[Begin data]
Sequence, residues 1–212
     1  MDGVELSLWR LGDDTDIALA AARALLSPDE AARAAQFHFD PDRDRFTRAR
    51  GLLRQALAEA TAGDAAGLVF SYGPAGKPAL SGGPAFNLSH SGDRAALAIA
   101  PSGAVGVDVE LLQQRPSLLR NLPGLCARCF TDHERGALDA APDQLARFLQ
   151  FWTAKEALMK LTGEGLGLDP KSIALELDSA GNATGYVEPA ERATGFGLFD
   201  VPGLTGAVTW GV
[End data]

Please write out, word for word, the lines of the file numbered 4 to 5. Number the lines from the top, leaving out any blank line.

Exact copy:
   101  PSGAVGVDVE LLQQRPSLLR NLPGLCARCF TDHERGALDA APDQLARFLQ
   151  FWTAKEALMK LTGEGLGLDP KSIALELDSA GNATGYVEPA ERATGFGLFD